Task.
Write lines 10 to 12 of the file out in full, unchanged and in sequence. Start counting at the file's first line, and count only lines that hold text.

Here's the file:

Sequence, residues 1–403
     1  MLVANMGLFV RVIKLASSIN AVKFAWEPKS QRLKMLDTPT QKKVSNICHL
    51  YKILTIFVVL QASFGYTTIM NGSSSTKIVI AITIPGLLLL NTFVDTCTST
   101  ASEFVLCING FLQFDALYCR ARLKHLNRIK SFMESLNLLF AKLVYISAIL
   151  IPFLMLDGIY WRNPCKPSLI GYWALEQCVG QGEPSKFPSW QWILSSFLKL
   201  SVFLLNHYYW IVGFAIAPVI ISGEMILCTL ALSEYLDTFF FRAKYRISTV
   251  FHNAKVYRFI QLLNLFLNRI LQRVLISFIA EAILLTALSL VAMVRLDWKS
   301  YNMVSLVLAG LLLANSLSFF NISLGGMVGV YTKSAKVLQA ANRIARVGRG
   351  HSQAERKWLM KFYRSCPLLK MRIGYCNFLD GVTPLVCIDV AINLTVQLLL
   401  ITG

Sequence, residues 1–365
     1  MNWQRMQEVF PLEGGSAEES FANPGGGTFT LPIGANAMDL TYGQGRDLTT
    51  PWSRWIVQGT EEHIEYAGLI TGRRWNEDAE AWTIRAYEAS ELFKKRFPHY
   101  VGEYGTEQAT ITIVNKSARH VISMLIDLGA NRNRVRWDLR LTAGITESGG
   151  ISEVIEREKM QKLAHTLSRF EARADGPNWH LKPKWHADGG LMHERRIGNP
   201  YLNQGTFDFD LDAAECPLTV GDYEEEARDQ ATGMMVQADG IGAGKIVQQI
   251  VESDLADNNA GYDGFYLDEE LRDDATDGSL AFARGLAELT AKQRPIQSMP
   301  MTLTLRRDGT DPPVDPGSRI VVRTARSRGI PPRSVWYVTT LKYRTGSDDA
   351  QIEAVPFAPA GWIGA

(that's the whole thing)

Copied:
   401  ITG

Sequence, residues 1–365
     1  MNWQRMQEVF PLEGGSAEES FANPGGGTFT LPIGANAMDL TYGQGRDLTT